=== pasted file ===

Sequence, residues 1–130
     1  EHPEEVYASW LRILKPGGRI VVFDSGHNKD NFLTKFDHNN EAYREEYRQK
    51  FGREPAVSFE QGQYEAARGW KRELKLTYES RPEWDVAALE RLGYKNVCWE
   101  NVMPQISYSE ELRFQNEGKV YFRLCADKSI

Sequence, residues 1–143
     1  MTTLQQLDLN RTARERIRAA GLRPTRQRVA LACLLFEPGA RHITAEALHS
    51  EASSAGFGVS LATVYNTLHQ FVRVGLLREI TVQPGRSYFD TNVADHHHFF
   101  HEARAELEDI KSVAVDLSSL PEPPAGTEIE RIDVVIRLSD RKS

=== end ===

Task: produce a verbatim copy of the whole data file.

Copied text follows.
Sequence, residues 1–130
     1  EHPEEVYASW LRILKPGGRI VVFDSGHNKD NFLTKFDHNN EAYREEYRQK
    51  FGREPAVSFE QGQYEAARGW KRELKLTYES RPEWDVAALE RLGYKNVCWE
   101  NVMPQISYSE ELRFQNEGKV YFRLCADKSI

Sequence, residues 1–143
     1  MTTLQQLDLN RTARERIRAA GLRPTRQRVA LACLLFEPGA RHITAEALHS
    51  EASSAGFGVS LATVYNTLHQ FVRVGLLREI TVQPGRSYFD TNVADHHHFF
   101  HEARAELEDI KSVAVDLSSL PEPPAGTEIE RIDVVIRLSD RKS